8 Than death: prorogued, wanting of thy love.] The common acceptation of prorogue, is to postpone to a distant time, which is in fact to delay. But I believe in this place prorogued means continued; and that Romeo means, in the language of lovers, to represent life without her as a continual death: “Death's life with thee, without thee death to live.?

M. Mason. Than death prorogued,] i. e. delayed, deferred to a more distant period. .So, in Act IV. sc. i :.

is I hear thou must, and nothing may prorogue it, ;.'" On Thursday next be married to this county.”

MALONE, farewell compliment!] That is, farewell attention to forms. M. Mason.

So thou wilt woo; but, else, not for the world.
In truth, fair Montague, I am too fond; ...
And therefore thou may'st think my haviour light:
But trust me, gentleman, I'll prove more true
Than those that have more cunning to be strange.?
I should have been more strange, I must confess,
But that thou over-heard'st, ere I was ware,
My true love's passion : therefore pardon me;
And not impute this yielding to light love,
Which the dark night hath so discovered.
- ROM. Lady, by yonder blessed moon I swear,
That tips with silver all these fruit-tree tops, –

JUL. O, swear not by the moon, the inconstant
.." ...moon
That monthly changes in her circled orb,
Lest that thy love prove likewise variable.

Rom. What shall I swear by?

Do not swear at all; Or, if thou wilt, swear by thy gracious self,

- cunning to be strange.] Cunning is the reading of the quarto, 1597, and I have restored it.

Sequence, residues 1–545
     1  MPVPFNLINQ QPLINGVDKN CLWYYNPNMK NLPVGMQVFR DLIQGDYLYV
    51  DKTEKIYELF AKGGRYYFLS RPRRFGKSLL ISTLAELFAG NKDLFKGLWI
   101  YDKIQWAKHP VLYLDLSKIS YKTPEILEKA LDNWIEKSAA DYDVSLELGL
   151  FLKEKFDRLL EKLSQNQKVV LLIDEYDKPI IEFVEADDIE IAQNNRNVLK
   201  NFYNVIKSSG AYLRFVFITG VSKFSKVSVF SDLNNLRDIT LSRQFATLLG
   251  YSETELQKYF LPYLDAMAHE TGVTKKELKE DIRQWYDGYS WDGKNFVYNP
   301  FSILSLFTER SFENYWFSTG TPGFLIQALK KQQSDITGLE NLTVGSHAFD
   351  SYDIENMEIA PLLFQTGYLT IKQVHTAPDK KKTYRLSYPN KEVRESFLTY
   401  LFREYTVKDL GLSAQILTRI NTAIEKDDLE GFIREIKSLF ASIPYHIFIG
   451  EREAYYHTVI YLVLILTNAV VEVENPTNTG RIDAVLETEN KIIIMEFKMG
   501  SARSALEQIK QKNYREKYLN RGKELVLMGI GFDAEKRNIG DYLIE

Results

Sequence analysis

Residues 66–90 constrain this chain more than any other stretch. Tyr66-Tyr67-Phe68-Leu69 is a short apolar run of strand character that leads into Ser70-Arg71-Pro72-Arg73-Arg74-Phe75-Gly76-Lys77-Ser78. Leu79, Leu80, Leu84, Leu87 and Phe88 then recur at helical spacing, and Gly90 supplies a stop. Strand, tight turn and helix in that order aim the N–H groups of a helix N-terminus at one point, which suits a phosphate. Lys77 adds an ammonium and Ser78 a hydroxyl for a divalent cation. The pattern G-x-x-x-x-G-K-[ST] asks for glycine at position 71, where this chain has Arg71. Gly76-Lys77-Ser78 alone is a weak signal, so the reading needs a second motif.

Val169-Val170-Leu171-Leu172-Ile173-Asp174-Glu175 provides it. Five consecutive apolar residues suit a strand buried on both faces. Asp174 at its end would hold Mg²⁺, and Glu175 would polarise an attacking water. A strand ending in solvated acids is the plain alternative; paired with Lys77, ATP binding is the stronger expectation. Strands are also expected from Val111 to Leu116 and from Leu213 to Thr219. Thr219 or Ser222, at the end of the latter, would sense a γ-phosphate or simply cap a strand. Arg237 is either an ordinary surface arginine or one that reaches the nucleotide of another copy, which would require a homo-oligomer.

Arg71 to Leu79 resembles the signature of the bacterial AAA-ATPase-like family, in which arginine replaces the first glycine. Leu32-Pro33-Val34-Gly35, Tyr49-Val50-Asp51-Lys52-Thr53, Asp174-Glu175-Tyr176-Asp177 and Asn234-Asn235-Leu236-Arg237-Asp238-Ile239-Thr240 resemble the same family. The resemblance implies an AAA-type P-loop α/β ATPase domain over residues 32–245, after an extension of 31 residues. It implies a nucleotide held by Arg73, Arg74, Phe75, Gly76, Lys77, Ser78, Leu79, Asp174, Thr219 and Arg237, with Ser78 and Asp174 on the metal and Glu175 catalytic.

To be strange, is to put on affected coldness, to appear shy. So, in Greene's Mamillia, 1593 : “Is it the fashion in Padua to be so strange with your friends ?” : Again, in one of the Paston Letters, Vol. III. p. 327: “I pray ye that ye be not strange of writing of letters to me." .

STEEVENS. In the subsequent ancient copies cunning was changed tocoying. MALONE.

moon That tips with sibver all these fruit-tree tops,] This image struck Pope:

« The moon-beam trembling falls,

“ And tips with silver all the walls.” Imit. of Horace. - Again, in the celebrated simile on the moon at the conclusion of the eighth Book of the Iliad: !.. « And tips with silver ev'ry mountain's head.”


Which is the god of my idolatry,
And I'll believe thee.

If my heart's dear lover
Jul. Well, do not swear: although I joy in thee,
I have no joy of this contract to-night:
It is too rash, too unadvis'd, too sudden;
Too like the lightning, which doth cease to be,
Ere one can say-It lightens. Sweet, good night!
This bud of love, by summer's ripening breath,
May prove a beauteous flower when next we meet.
Good night, good night! as sweet repose and rest
Come to thy heart, as that within my breast!

ROM. O, wilt thou leave me so unsatisfied ?
JUL. What satisfaction canst thou have to-night?5
Rom. The exchange of thy love's faithful vow

for mine. · Jul. I gave thee mine before thou didst request And yet I would it were to give again.

it :

3 Ere one can sayIt lightens.] So, in The Miracles of Moses, by Drayton:

- lightning ceaslessly to burn,
“ Swifter than thought from place to place to pass,
.“ And being gone, doth suddenly return

* Ere you could say precisely what it was.” . The same thought occurs in A Midsummer-Night's Dream.

STEEVENS. Drayton's Miracles of Moses was first printed in quarto, in 1604. MALONE. · · * - Sweet, good night !] All the intermediate lines from Sweet, good night! to Stay but a little, &c. were added after the first copy. STEEVENS. :. * What satisfaction canst thou have to-night?] Here Juliet seemeth as if she meant to promise (i. e. as much as in her lieth) to afford Romeo, in some future instance, that satisfaction which he cannot receive while they remain at their present distance from each other. AMNER. .